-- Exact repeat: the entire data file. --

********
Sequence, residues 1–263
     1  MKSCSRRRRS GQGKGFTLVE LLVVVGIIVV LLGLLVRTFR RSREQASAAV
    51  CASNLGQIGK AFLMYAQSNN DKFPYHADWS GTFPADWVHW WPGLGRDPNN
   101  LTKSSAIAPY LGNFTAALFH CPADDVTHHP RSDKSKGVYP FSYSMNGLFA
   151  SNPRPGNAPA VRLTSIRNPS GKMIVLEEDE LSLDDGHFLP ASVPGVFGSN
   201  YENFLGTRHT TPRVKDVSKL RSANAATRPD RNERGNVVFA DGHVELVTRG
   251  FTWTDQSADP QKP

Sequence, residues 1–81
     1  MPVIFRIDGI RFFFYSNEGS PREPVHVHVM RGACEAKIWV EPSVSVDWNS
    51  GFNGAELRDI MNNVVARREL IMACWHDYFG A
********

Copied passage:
Sequence, residues 1–263
     1  MKSCSRRRRS GQGKGFTLVE LLVVVGIIVV LLGLLVRTFR RSREQASAAV
    51  CASNLGQIGK AFLMYAQSNN DKFPYHADWS GTFPADWVHW WPGLGRDPNN
   101  LTKSSAIAPY LGNFTAALFH CPADDVTHHP RSDKSKGVYP FSYSMNGLFA
   151  SNPRPGNAPA VRLTSIRNPS GKMIVLEEDE LSLDDGHFLP ASVPGVFGSN
   201  YENFLGTRHT TPRVKDVSKL RSANAATRPD RNERGNVVFA DGHVELVTRG
   251  FTWTDQSADP QKP

Sequence, residues 1–81
     1  MPVIFRIDGI RFFFYSNEGS PREPVHVHVM RGACEAKIWV EPSVSVDWNS
    51  GFNGAELRDI MNNVVARREL IMACWHDYFG A